The interesting thing is, when fully appreciated, these experiments tell us precisely nothing. When utility is the only value at stake, of course you maximize it. However, loosening the constraints of either experiment and actually allowing other values a stake in the decision does illustrate why people who do and don’t fully understand the experiments ultimately reject utilitarianism.

Naturally, the more easily adaptable experiment is the emergency transplant. Adding a combination of uncertainty and a reasonable person standard with regard to choices immediately engenders huge and justified sympathies for the traveler. Yes, his life still likely represents a new lease on five others (or, make it seven so we can say the expected value stays the same), but our general experience of the world tells us that a person making his sequence of choices to end up in the hospital should expect no harm to come to him and indeed deserves no harm to come to him. Of course, the same could be said of the patients, none of whom may have any behaviorally caused ailments.

It seems as though a bullet must be bitten either way. My very narrow contention is that, while the patients may not have merited their conditions, the forces of history have nevertheless placed them here at deaths door. Now, the surgeon does have the option of taking history into his own hands and establishing a principle that allows moral agents to make their mark on the procession of existence to a degree rivaling fate, The question is: need we favor the will of many to exercise their liberty over fate over one whose liberty was granted by fate?

I worry about the consequences.

Executive Compensation Part II: Spoiling the Good Child

Aside from the objectively huge effect that executive decisions can have on a firm’s bottom line, there is at least one more compelling reason to pay top executives more than their own marginal product (in a sense). A professor once suggested to me that a CEO’s full marginal product includes not only the value of his policy, branding, and motivational actions, but also his motivational inactions. Basically, by over-compensating a CEO in terms of what he actually does, a firm presents a big carrot to anyone within shouting distance of the position. Of course, this practice shouldn’t begin or end with a company’s top man; indeed there are gains to be had from over-compensating employees at every level, even the ground level (consider a firms desire to attract the best entry-level applicants).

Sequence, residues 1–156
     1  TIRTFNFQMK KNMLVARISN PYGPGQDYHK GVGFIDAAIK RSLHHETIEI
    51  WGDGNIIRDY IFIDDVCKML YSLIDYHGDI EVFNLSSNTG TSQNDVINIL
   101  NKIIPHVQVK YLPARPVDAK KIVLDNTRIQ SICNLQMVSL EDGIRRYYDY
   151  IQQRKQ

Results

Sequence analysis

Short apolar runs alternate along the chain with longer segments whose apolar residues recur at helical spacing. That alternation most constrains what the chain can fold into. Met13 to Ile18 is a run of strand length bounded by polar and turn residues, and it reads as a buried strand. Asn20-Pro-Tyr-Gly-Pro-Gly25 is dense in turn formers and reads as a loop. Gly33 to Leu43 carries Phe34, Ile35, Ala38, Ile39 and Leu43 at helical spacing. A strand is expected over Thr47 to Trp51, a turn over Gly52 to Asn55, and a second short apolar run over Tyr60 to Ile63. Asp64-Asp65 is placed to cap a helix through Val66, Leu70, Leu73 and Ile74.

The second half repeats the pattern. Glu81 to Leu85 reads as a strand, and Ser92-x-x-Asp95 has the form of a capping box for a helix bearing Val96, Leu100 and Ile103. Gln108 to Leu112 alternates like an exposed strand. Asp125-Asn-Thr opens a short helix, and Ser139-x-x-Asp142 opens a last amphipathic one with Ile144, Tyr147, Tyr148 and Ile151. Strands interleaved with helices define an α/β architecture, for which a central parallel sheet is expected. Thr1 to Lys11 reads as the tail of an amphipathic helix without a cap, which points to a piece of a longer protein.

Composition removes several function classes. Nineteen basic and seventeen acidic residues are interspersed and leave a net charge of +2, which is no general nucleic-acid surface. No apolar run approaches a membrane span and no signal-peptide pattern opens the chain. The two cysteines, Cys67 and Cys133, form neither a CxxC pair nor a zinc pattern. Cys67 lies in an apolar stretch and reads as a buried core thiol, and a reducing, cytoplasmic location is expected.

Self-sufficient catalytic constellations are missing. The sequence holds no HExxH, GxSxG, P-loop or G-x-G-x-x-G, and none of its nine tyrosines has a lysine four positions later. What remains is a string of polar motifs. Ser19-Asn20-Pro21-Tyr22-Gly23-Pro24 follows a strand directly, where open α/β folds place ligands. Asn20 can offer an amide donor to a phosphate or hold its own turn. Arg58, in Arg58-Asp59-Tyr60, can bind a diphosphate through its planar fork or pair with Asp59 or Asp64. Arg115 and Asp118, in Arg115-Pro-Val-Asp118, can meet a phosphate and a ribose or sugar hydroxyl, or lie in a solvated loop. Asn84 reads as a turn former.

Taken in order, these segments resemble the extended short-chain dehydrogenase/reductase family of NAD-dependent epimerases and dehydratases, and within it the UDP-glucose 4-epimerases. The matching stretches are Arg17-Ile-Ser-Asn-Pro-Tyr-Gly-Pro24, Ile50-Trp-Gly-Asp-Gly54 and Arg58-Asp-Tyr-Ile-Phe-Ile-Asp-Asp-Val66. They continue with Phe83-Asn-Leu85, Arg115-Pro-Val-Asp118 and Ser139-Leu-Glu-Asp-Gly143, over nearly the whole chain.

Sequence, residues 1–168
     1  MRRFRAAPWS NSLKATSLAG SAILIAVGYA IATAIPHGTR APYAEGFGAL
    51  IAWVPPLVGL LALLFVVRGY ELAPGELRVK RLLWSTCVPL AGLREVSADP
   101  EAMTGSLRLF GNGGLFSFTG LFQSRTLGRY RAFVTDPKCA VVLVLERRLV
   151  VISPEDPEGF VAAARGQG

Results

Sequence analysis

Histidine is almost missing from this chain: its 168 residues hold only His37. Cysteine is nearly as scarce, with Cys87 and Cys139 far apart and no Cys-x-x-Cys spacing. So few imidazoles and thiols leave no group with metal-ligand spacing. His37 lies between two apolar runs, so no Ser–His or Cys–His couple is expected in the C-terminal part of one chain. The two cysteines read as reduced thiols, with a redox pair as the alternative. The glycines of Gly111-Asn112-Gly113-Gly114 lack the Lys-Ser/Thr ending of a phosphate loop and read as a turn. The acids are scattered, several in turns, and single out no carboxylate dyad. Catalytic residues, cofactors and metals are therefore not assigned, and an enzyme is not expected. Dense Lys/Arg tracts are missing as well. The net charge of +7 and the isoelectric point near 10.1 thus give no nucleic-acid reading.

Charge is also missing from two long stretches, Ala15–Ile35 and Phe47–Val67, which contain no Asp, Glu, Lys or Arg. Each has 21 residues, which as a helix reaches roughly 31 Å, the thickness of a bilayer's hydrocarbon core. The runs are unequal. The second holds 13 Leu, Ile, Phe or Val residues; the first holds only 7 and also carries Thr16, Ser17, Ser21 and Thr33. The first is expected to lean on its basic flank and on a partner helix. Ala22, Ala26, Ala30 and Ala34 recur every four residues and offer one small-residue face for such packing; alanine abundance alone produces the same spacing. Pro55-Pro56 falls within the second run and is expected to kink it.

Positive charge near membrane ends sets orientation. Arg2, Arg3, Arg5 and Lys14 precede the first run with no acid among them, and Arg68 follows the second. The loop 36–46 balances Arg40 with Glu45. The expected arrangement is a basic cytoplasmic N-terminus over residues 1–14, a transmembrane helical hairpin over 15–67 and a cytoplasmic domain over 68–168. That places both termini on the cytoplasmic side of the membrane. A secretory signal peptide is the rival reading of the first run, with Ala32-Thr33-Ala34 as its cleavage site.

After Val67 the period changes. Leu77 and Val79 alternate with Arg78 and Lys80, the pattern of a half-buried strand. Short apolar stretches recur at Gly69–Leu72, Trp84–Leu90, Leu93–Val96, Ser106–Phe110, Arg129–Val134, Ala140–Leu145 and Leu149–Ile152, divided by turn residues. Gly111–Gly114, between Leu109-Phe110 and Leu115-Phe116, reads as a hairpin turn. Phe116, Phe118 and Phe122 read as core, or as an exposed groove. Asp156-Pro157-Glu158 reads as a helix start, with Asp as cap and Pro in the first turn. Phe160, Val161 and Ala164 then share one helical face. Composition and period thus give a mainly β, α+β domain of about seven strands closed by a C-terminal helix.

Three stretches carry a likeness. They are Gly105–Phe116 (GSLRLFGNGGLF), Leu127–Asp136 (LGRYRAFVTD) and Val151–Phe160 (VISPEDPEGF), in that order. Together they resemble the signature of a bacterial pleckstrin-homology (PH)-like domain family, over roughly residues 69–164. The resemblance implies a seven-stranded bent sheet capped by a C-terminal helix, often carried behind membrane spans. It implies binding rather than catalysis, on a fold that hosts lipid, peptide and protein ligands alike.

Obviously, this practice will always scale with the classical value of the positions in question; how big is the spread between the median dishwasher and one who performs in the 95th percentile? It will also compound towards the top, each supervisor is paid to increase the output of those beneath her, both explicitly and implicitly; the more supervisors and the more tiers beneath you, the great the ripple effect of your desirable salary.

I don’t think this theory is far-fetched in the least. As I’m not so well versed on the subject, it may even be common knowledge in relevant circles. What I do find very interesting are this strategy’s applications outside of the hierarchical firm.

All of this came very keenly to mind when talking to my 24 year-old friend who still lives quite amicably off the trough of her parents. The interesting thing is, her 21- year old brother is being cut off. My friend’s justification for her disproportionate compensation? She stays out of trouble, got through college in a reasonable amount of time, and does errands upon request. Her brother is hardly a degenerate; he does poorly in school, but still attends regularly, he stays away from hard drugs, doesn’t run in criminal or otherwise dangerous circles and is usually home at a decent hour. He is more impulsive, serially lazy, and temperamental, but you can squeeze a favor out of him now and then.

Basically, children are always better compensated, often into their twenties than the services they provide to their parents would ever warrant. But why the disparity in the case of my friend? She does provide more than her brother, but not nearly to the degree (and length of time) that she’s been better taken care of. My leading hypothesis is that my friend is enjoying the spoils of implicit motivational compensation. Just by being a relatively good child next to a less well behaved sibling, she enjoys the fruits of being a vegetable (carrrot), that she likely wouldn’t if her wayward brother wasn’t around to, perhaps, learn his lesson.